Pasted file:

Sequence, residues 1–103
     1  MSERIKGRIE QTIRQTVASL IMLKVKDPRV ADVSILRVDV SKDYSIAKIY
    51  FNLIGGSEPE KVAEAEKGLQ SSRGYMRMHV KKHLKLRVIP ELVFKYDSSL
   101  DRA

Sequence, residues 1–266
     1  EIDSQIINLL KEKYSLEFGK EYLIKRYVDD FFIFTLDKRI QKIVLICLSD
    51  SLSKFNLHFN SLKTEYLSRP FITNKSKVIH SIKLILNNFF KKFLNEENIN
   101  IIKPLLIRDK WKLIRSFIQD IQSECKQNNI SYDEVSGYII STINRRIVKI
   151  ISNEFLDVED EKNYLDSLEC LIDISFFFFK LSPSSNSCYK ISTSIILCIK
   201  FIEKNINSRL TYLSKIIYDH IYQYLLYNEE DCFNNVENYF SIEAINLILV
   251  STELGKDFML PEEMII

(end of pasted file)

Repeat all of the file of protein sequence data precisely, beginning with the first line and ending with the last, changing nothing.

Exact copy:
Sequence, residues 1–103
     1  MSERIKGRIE QTIRQTVASL IMLKVKDPRV ADVSILRVDV SKDYSIAKIY
    51  FNLIGGSEPE KVAEAEKGLQ SSRGYMRMHV KKHLKLRVIP ELVFKYDSSL
   101  DRA

Sequence, residues 1–266
     1  EIDSQIINLL KEKYSLEFGK EYLIKRYVDD FFIFTLDKRI QKIVLICLSD
    51  SLSKFNLHFN SLKTEYLSRP FITNKSKVIH SIKLILNNFF KKFLNEENIN
   101  IIKPLLIRDK WKLIRSFIQD IQSECKQNNI SYDEVSGYII STINRRIVKI
   151  ISNEFLDVED EKNYLDSLEC LIDISFFFFK LSPSSNSCYK ISTSIILCIK
   201  FIEKNINSRL TYLSKIIYDH IYQYLLYNEE DCFNNVENYF SIEAINLILV
   251  STELGKDFML PEEMII